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To Control Nature

It took some years for me to switch from film to digital photography.


Where’s the darkroom?


It’s in the computer, you bimble. No more smelly chemicals.


Okay, now what?


Well, in that image you just captured with my digital camera, the one with the unbalanced composition, you can fix it quickly.




Just add clouds to the upper right-hand corner.


Just add clouds?


Yep. It’s easy.


I burst out laughing.


There… aren’t… clouds… there.


He didn’t understand. He’s a wedding photographer, commercially successful and skilled at what he does.


I had learned to refrain from calling myself a Luddite while living in Australia; that was where the real Luddites had been shipped and I found that some friends were their descendants.


Digital shooting posed questions from then on; what’s the morality here? Photos never have recorded “reality”. Photography freezes Time, compresses Three Dimensions into Two and can also void all Color. Simply imposing a frame around a view alters it.


Pushkin said, “Taste is the only morality we’ve got”. A work of Art is either Good or Bad.


Or is the measure of Art the reaction of our senses? What if your senses are more  acute than mine? Isn't all Art subjective anyway?


A Hollywood mentor had impressed on me that a feature film makes money if it inspires emotion, any emotion… you’ll laugh, you’ll cry, you’ll kiss twelve bucks goodbye.


Certainly the quality of a work of Art is not measured by the price it fetches.


I had a revelation after some years of writing feature films, the most obvious intersection of Art and Commerce. I sought to create cinematic literature rather than vehicles for thrill-ride sensations of Special Effects. Until an established producer impressed on me, “All movies are themselves Special Effects”.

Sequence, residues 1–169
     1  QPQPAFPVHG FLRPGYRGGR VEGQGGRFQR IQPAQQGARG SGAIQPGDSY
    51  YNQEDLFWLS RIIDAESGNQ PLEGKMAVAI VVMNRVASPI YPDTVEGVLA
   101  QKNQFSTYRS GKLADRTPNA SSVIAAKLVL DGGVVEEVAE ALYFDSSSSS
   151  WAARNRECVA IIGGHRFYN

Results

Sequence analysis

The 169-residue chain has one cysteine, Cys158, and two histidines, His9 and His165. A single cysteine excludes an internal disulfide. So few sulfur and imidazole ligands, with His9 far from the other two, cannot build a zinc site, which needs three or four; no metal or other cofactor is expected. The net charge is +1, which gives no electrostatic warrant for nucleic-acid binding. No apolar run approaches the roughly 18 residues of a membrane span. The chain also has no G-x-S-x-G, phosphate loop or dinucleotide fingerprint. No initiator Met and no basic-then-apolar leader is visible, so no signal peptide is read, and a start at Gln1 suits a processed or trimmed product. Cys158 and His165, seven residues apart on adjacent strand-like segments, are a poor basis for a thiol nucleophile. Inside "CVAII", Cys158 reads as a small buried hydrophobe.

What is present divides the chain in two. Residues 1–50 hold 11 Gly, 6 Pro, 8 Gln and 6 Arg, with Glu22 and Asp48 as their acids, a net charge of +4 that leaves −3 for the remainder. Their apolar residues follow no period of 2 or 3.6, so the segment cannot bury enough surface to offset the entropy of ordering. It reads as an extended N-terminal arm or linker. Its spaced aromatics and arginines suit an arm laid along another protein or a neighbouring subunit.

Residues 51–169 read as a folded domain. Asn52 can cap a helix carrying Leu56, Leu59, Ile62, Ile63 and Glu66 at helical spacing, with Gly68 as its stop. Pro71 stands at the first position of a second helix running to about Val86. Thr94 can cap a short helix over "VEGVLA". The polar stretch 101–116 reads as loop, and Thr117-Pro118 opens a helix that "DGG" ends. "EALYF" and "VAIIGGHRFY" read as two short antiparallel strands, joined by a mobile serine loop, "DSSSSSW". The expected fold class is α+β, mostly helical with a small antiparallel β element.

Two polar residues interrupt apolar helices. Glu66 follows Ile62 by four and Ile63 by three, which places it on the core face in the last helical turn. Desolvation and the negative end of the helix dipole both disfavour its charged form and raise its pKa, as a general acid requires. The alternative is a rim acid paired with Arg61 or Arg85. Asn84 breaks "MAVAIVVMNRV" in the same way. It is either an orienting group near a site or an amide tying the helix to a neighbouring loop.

My relation to Technology and Art nagged at me again. 


Ansel Adams, during the final stages of his remarkable life, when photos by him were being scanned with some early digital equipment, remarked in a little-known statement that “electronic” technology was photography’s future and that film itself was to be made obsolete. 


I don’t completely share that certainty; there are many downsides to digital, most notably to me the frequency with which digital photography spawns more technicians than artists. Because I know how to place a monstrous human nose on the summit of Mt. Everest doesn’t mean I look forward to doing so (on second thought, though, that might be interesting). 


It is further said that what we think of as cameras will go the way of the dinosaurs and first the smartphones and then other, smaller devices will take over photography (happening now), then perhaps leaving two dimensionality behind as well… the feelies are sure to be next and… suddenly I remember that Aldous Huxley said he based his city of the future in Brave New World on Santa Fe New Mexico (where I lived at the time), which he first saw in 1929 while visiting D.H. Lawrence at his Taos home.


But digital does not equate with dystopia…


The power and promise of digital imagery are massive and likely in infancy. That’s exciting.


Isn’t Nature Sacred though?


Thank you for asking.


Nature is Sacred. And that is why I do not employ composite imagery when I photograph Nature. I never “just add clouds”. I photograph what I see. (A reviewer termed my photos of Nature “New Surrealism”, referencing ethereal and dreamscape imagery rather than Photoshop wizardry).